Price transparency gets graded in new report

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Price transparency gets graded in new report

The Health Care Incentives Improvement Institute (HCI3) and the Catalyst for Payment Reform recently released their fourth report card on State Price Transparency Laws. Colorado, Maine, New Hampshire, Vermont and Oregon stand atop the rankings with “A” and “B” grades. Forty-three states, Washington among them, earned an “F” grade for price transparency for the fourth time.

Map highlighting how states are graded on price transparency.
Forty-three states, Washington among them, earned an “F” grade for price transparency. Source: Catalyst for Payment Reform, Report Card on State Price Transparency Laws — July 2016.

As noted in the report, “The question ‘how much does it cost?’ is integrated so deeply into the act of buying that consumers often don’t have to ask―prices are printed on menus, stamped on tags and posted online, among other places. There are services—like car repairs or home improvements—that aren’t easily distilled into standardized, published prices. But rarely do successful professionals get away with answering, “Hard to say; you’ll know when you get the bill’ in response to consumer inquiries about costs.”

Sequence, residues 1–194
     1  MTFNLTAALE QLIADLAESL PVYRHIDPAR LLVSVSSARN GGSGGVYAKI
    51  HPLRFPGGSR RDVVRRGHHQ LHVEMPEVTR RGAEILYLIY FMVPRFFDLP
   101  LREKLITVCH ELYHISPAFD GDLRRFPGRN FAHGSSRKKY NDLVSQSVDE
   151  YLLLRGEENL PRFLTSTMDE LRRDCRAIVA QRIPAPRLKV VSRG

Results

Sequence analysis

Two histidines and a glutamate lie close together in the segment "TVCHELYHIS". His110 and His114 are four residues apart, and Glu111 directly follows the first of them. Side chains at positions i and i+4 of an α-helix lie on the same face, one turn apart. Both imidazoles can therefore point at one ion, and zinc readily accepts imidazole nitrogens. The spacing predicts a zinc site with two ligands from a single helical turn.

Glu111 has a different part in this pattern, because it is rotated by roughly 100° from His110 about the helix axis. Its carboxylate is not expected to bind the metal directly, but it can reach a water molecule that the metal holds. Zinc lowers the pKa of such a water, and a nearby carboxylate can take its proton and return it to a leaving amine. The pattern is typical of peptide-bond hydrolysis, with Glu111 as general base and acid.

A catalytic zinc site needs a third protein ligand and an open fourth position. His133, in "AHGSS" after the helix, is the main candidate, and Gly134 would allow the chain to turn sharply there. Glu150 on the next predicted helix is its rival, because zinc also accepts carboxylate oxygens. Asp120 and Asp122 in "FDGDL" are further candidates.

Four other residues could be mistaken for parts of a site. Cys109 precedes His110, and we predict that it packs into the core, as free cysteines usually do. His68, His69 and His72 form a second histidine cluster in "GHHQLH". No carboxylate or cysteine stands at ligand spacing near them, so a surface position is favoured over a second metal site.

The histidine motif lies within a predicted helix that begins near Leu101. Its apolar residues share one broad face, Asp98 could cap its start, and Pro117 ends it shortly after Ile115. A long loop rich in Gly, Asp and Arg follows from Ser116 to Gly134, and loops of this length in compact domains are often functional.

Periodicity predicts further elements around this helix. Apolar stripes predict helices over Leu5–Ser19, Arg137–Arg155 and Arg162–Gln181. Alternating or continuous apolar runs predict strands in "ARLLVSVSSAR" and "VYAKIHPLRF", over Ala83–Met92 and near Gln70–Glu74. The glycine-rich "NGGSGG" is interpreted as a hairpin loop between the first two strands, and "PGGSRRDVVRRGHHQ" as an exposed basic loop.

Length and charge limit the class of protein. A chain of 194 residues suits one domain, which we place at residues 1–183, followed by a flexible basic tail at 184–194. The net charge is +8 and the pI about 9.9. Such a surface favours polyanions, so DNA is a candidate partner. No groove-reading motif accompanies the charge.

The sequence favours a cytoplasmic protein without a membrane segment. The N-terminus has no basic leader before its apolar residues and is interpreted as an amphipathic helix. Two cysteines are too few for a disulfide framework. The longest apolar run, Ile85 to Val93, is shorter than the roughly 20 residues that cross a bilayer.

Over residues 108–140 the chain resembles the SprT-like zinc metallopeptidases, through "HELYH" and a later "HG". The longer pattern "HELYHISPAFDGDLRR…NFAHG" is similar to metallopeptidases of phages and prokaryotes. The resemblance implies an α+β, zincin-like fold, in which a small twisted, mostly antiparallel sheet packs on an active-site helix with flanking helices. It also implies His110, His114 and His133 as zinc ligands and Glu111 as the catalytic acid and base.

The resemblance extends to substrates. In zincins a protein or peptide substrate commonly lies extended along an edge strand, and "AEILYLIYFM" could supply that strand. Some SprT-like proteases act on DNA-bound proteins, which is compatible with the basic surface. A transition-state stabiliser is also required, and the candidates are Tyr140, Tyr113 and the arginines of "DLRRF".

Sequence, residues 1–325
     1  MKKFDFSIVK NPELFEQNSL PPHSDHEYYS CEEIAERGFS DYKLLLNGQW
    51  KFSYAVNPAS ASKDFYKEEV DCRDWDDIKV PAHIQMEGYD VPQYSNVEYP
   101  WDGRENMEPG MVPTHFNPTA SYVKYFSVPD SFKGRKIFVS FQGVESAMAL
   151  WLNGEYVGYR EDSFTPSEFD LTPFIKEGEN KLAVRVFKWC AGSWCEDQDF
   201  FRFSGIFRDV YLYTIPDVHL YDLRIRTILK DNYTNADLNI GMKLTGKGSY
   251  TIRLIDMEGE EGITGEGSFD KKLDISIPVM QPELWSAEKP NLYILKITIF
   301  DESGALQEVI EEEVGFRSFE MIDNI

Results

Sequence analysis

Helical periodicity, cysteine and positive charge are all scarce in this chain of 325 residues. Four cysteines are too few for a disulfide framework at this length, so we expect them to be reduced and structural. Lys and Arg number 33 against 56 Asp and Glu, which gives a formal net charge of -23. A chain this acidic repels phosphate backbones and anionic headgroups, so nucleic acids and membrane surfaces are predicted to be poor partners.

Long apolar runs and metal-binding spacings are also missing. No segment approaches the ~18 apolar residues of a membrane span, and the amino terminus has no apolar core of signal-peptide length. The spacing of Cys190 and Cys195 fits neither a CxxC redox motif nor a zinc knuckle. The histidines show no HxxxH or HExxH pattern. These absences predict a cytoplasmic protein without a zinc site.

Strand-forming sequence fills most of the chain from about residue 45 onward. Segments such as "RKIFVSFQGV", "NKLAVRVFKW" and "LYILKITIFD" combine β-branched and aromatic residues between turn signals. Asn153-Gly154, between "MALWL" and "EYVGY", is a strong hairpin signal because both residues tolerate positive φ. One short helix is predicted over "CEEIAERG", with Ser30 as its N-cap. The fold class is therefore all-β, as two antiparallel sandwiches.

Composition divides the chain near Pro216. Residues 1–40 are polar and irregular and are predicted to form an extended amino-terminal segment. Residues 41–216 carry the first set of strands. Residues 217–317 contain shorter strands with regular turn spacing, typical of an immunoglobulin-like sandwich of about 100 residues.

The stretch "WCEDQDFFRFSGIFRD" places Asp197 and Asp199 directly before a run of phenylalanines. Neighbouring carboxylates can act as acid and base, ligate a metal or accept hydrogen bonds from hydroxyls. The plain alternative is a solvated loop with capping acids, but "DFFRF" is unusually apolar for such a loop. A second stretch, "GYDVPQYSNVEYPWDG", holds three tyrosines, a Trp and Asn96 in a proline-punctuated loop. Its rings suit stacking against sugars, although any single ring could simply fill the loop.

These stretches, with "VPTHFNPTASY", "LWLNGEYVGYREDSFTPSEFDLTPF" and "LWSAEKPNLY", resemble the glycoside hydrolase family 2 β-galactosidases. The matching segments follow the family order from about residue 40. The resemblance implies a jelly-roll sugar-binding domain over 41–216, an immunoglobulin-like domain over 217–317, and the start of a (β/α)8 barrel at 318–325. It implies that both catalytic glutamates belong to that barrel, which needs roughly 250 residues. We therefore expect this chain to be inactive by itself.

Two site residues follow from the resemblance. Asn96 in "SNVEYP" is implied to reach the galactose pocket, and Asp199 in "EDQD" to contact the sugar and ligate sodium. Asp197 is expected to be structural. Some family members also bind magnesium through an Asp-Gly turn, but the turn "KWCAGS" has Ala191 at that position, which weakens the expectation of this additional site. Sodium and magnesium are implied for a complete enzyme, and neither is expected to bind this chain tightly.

Yet, in American health care, it is still commonplace for consumers not to have any sense of what a doctor visit, test or procedure will cost them until long after it has happened. It is just as rare for people to have access to pricing information along with quality information, so that they can assess value and make smart choices for themselves or their family members― in other words, so that they can act like a consumer. Out-of-pocket expenses are high and getting higher, especially with more and more plans including deductibles of thousands of dollars. Individuals are foregoing recommended and needed care rather than face an unpredictable health care bill.

Value in health care happens when a consumer gets high-quality care and a good patient experience at a fair price. Thanks to the Community Checkup, two of these three components are available to consumers to compare the performance of medical groups and clinics. But it will only be when we can add the third element—price transparency—that consumers will truly be able to shop for value.

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